The Families of God
Some of us may have memories of Bible Camp or a weekend retreat where you got all fired up for Jesus! Basically, you were on a spiritual high – a mountaintop experience. How could it not be? You’re by a lake in the woods or up in the mountains somewhere, doing all these fun group activities – games and sports and such. There’s such a sense of togetherness! Then there’s singing songs by the campfire, rousing messages about Jesus’ sacrifices for you, the cute girls, of course – or cute guys – and one in particular that you kinda had your eye on.
But eventually you had to leave the mountaintop and go back to the valley where you live your everyday life, wake up in your own bed and the thrill is gone. The girl you liked at camp lives in some town named Wanamingo, and you’ll never see her again. Now you are faced with the glare of mundane, daily life. And all the good feelings and the God feelings are gone. Oh well, it was fun while it lasted. Now it’s time to take out the garbage. How are you supposed to be Christian now??
The early Christians had to take up this question, too. The book of Acts describes what believers did after Jesus’ resurrection, ascension into heaven (literally a mountaintop experience), and of course, the most recent event, God’s Holy Spirit was given to them. Our text today picks up right after the day of Pentecost. Think of what a high that day must have been! A mysterious wind blew, they were filled with an inexplicable ecstasy, and after Peter’s sermon, thousands of people joined the cause.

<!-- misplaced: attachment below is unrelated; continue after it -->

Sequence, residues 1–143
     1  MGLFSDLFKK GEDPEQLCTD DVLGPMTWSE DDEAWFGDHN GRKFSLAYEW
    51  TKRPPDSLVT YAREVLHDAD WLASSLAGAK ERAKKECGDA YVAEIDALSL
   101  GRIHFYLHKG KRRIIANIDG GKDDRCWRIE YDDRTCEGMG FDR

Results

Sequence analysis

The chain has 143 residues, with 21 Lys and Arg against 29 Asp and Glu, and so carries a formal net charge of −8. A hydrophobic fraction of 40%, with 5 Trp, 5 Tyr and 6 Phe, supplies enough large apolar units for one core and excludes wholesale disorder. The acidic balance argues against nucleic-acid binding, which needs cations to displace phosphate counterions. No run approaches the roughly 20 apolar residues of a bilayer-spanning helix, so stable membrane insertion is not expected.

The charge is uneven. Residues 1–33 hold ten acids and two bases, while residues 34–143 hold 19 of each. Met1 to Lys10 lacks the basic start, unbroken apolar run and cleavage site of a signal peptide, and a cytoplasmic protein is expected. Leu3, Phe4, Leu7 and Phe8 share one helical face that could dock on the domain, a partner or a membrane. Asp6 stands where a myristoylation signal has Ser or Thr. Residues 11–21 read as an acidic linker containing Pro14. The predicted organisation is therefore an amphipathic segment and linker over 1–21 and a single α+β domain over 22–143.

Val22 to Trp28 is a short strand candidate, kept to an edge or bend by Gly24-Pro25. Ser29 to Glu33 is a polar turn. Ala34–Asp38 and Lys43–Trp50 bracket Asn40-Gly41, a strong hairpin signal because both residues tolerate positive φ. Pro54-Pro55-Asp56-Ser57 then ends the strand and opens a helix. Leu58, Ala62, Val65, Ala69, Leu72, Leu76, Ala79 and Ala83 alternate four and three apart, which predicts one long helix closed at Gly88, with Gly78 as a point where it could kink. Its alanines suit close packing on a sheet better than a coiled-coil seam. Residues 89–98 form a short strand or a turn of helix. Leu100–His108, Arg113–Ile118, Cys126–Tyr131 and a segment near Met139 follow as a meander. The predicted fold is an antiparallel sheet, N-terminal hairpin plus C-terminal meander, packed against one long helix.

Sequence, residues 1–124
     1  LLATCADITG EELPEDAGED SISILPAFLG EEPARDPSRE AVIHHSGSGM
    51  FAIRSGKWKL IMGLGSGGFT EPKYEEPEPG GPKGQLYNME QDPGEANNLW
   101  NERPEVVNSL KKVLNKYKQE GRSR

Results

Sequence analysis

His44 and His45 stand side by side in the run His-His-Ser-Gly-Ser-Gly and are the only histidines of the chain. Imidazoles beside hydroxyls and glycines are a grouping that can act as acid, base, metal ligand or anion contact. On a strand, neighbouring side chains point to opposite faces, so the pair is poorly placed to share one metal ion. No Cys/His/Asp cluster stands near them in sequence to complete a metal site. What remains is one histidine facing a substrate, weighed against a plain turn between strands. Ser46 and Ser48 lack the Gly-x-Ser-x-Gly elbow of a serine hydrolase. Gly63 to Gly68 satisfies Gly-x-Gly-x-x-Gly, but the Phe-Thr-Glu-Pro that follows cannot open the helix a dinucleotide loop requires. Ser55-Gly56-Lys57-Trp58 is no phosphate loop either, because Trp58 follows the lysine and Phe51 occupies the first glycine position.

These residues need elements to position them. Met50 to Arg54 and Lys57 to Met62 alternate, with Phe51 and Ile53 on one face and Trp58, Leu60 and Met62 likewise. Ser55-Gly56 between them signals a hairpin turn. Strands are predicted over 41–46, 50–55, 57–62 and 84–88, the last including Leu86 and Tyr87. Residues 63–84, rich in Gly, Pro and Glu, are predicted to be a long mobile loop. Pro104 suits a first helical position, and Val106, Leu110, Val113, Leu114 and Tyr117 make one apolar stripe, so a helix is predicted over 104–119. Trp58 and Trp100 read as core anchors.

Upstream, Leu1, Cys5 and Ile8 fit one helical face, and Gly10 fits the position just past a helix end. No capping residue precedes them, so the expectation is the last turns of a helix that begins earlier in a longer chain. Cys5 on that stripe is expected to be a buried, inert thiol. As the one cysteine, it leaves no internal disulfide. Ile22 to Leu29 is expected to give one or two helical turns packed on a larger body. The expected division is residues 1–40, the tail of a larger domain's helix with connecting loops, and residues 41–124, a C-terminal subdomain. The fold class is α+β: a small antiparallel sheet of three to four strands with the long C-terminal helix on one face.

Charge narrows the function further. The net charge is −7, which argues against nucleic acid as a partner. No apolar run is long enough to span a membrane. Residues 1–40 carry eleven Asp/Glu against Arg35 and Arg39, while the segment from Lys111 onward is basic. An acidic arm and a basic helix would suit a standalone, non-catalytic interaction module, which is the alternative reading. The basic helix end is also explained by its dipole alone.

But eventually, those folks had to wake up the next morning in their own bed, ask, “What happened yesterday?” But then the hard part. They had to get up in the morning and earn a living, ply their trade, try to keep their children in line. And most of the people in Jerusalem were not sympathetic to them, didn’t share their beliefs about Jesus. What do you do after the thrill is gone?
Well, they were now part of a story that had just blown wide open! Until now, people believed God resided in the inner sanctum of the sacred Temple. But now, something very different has happened in Jesus. The giving of the Holy Spirit has confirmed it: God is loose in the world: God is no longer confined to the temple. God is now present in the private spaces of their homes and in public spaces like the city center where Peter and John healed a man.
And the first thing God has done is to form a new family. In our gospel text it says:
When Jesus saw his mother and the disciple whom he loved standing beside her, he said to his mother, ‘Woman, here is your son.’ Then he said to the disciple, ‘Here is your mother.’ And from that hour the disciple took her into his own home.
And because God has totally invested in the everyday world we live in, Jesus said to his followers, “Where two or more are gathered in my name, there I am in the midst of them.” This is the family of God and their fellowship – their gathering – meant everything as they met daily in the temple to worship and learn, break bread and pray – the template for Christian community!
But this sense of family wasn’t reserved for the temple only: they shared their lives with each other, including their possessions. No one privately owned anything. Following Jesus’ cue, they believed that everyone should have enough, but not too much. They were a family that took care of one another.
And in this family, this community, there were matriarchal figures who were mothers to many – like Mary, for instance. So, kids growing up in this family could have more than one mother! At Mt Carmel, there is one member who affectionately refers to another as her “church mom.”
Dwight Moody, the great turn of the century preacher from Chicago, tells a story of why a faith family is so important. One winter night he hosted a visitor at his house. The visitor was skeptical of why someone needed to go to church if they already believed in God. What’s the point?